Moving into the 21st century, mankind -- the carbon-based biologicals  --  will have to share this planet with what is virtually a new species, the silicon-based artificial intelligence powered systems as explained in “Intelligent Machines: Humans May Have To Contend With A Superior ‘Species’ Soon; Are We Prepared?” (https://bit.ly/2I2kMLk). This may sound like science fiction but automated and more importantly autonomous systems -- from self driving vehicles, through medical diagnostic tools right up to public safety and even juridical services -- will take over and run our society with little or virtually no human interference. We may not like it -- just as colonised people never really liked their new masters -- but we will have to learn to live with them. To begin with, we need to learn their language. Indians learned English when they were colonised -- say after the Battle of Plassey --  and then they made the best use of this skill to chart their own destiny in the 19th and 20th century. So should be the case with artificial intelligence in the 21st.

Every child in every school and college must learn the basics of artificial intelligence, of neural networks and of course, computer programming. Python, for example, would be the new English, a skill that is so eagerly sought after by parents who are so keen to send their children to English-medium schools. One could learn history, {human} languages, sociology, medicine, fine arts, engineering or whatever but one must also know AI and computer programming. Just as a knowledge of English equips a person to work his way through the world irrespective of the location or nature of work, so would a knowledge of robotics and AI be essential not just to live but to build new products and services for the coming age. Just as if you want to make money from a big economy like China you learn Chinese, so should there be no hesitation or embarrassment in learning Python and AI right from primary school all the way to college.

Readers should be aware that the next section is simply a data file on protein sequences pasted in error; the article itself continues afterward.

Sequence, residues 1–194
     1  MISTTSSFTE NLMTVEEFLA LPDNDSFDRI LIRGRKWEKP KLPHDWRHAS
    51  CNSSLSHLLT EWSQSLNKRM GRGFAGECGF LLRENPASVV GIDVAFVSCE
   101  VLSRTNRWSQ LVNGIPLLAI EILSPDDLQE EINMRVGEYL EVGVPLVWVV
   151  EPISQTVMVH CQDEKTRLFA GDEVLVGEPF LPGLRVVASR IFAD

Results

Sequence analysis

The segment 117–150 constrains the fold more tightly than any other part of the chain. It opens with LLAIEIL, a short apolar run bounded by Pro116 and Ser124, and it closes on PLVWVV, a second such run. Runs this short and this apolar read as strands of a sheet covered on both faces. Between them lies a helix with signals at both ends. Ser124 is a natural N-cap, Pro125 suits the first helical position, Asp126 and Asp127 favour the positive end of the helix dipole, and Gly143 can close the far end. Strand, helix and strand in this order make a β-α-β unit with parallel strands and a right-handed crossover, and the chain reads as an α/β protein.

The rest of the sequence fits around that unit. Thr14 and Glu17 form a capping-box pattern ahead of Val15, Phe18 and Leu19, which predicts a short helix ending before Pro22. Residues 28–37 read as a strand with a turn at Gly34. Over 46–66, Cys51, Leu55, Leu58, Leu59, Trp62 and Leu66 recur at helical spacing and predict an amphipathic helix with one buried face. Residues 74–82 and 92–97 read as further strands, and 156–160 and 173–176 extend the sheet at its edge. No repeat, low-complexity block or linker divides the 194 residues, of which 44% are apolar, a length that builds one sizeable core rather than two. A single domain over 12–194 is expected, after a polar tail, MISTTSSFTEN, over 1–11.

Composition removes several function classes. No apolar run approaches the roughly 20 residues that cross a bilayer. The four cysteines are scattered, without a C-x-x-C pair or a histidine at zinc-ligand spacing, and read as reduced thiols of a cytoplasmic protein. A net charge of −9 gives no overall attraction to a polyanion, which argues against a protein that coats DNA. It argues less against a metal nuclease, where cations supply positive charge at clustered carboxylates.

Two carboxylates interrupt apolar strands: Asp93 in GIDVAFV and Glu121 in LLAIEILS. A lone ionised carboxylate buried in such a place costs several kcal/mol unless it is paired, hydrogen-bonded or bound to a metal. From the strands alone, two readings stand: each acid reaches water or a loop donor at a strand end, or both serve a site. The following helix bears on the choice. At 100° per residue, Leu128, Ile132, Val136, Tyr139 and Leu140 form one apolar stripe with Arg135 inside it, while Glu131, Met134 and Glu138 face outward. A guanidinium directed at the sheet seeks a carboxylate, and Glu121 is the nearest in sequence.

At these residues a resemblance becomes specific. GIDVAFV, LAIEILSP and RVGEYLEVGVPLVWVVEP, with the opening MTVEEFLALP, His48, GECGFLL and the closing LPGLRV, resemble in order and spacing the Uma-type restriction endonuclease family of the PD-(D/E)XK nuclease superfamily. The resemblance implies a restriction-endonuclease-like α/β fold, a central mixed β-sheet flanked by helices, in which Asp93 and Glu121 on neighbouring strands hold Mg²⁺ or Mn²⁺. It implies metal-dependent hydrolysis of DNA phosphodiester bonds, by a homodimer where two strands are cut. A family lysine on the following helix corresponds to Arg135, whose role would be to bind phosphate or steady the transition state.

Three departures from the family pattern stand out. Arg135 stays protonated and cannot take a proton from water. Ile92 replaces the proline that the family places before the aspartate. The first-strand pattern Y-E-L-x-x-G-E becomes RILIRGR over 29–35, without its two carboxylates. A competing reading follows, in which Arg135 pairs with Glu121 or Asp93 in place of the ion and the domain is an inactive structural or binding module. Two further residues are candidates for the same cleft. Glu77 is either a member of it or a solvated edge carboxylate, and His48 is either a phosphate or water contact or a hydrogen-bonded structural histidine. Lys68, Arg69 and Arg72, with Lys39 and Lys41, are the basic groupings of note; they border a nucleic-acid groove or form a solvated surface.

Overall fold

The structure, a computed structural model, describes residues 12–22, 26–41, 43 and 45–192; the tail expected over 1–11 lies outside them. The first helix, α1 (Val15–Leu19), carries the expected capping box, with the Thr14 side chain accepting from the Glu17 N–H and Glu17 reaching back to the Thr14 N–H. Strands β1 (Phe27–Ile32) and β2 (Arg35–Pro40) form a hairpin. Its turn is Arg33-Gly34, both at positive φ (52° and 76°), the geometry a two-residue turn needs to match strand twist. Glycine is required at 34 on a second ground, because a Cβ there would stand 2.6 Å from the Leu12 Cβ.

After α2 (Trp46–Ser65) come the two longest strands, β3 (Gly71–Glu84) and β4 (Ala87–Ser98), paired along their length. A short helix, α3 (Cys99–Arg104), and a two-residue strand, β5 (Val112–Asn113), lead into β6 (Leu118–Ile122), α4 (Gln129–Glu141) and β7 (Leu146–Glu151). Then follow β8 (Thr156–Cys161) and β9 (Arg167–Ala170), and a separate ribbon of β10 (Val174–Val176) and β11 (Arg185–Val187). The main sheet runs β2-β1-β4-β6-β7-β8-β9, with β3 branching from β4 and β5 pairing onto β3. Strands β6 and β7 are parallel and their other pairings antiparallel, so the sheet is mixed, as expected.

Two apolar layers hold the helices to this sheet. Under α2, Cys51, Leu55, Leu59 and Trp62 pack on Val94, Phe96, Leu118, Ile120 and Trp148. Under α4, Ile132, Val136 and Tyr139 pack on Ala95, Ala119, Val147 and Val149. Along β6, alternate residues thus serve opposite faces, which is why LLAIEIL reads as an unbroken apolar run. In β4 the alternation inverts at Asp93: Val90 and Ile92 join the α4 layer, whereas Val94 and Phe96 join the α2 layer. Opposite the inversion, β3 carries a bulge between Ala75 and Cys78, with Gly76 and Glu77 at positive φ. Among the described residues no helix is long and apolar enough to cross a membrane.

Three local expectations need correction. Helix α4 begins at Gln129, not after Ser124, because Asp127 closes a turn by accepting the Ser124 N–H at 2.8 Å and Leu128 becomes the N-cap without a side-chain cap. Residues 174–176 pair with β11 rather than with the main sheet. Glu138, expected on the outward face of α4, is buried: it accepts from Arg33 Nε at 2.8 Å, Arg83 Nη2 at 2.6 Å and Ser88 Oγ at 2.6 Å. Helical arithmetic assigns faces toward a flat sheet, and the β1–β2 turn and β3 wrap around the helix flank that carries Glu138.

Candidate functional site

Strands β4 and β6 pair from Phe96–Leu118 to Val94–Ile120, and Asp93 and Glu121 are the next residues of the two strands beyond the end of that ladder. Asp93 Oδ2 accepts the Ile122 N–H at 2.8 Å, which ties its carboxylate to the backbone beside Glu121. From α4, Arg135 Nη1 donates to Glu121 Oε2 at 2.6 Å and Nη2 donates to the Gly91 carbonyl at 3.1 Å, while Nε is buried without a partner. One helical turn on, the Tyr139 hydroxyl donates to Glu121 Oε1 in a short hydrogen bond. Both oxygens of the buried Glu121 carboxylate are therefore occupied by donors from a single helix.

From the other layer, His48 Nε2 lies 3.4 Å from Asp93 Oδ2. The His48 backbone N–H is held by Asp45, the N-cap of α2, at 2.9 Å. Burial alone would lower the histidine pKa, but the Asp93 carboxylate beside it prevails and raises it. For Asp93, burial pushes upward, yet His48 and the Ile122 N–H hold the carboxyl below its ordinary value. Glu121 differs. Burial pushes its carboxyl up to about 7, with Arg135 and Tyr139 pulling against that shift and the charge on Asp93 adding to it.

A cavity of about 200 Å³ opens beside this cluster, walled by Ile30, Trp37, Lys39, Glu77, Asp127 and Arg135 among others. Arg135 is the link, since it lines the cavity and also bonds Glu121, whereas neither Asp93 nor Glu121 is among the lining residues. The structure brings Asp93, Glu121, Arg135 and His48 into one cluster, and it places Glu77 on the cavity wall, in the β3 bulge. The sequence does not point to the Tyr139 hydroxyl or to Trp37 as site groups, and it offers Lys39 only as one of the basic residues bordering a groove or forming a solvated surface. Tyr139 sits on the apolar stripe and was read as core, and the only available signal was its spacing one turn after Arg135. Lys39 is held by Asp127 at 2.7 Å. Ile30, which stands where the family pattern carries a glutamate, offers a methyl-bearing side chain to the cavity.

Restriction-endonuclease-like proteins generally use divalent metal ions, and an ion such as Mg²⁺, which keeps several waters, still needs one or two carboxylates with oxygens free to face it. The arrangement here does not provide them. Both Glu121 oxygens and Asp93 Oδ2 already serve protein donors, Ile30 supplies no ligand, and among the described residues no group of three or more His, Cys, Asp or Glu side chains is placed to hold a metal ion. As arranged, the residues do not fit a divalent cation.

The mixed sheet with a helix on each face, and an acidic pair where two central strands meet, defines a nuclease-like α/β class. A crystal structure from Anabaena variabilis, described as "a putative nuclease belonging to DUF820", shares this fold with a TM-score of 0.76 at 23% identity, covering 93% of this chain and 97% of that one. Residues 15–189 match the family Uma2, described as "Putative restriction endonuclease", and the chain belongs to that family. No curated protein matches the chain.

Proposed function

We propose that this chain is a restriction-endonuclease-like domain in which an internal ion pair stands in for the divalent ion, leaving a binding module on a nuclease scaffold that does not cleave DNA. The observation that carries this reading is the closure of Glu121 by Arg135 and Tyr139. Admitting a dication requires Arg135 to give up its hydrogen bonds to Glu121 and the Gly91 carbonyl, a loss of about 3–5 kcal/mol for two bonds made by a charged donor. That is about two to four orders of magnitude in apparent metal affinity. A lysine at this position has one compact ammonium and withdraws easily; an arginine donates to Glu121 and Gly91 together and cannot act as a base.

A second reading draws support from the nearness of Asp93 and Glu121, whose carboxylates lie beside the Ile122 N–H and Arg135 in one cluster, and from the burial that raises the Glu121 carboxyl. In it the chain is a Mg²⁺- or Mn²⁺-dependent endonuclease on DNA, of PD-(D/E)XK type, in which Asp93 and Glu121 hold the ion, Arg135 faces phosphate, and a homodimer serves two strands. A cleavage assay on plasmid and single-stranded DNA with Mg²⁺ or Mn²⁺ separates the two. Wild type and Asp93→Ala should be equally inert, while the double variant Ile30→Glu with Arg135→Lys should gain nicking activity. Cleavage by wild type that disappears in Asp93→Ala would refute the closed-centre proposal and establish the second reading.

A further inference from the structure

Machines and robots are “learning” about human languages, behaviours, attitudes and choices at an unprecedented rate but if we, biological sentients, have to keep up with them we need to know their language and behaviour as well. It is not just that computer programming should become “The Fourth Language” (https://bit.ly/2JFYKl4) in our schools  but AI and Robotics should be built into the warp and woof of our school and college curriculum. Products like Arduino and Raspberry Pi should be used not just for science projects but for every kind of project that is mandated in the curriculum. This is one area where a visionary  government and its policy makers must take the initiative to fund the design of innovative curriculum, the development of appropriate course material and the appointment of competent teachers.

But AI and robotics is the path, what is the destination?